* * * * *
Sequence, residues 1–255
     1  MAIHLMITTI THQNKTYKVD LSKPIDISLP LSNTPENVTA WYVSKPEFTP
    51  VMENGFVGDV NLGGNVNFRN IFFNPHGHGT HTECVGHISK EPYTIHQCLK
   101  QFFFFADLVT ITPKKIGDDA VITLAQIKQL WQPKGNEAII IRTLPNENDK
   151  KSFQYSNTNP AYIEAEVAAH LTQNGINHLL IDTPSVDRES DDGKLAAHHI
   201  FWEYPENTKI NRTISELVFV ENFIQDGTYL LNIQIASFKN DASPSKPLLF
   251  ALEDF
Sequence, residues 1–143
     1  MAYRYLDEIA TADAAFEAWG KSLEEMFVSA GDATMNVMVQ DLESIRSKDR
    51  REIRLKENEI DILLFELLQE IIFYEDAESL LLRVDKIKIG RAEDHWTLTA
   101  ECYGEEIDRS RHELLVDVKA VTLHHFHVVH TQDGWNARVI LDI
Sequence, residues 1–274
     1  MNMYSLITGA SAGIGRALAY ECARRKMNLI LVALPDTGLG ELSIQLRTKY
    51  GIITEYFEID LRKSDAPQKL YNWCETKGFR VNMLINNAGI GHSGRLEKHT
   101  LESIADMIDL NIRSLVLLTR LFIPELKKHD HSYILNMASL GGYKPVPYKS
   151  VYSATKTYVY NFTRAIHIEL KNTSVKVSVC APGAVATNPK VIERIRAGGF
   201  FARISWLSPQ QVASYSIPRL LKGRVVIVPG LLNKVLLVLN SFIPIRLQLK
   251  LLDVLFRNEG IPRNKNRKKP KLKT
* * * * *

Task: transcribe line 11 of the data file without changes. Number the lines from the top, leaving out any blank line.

   101  ECYGEEIDRS RHELLVDVKA VTLHHFHVVH TQDGWNARVI LDI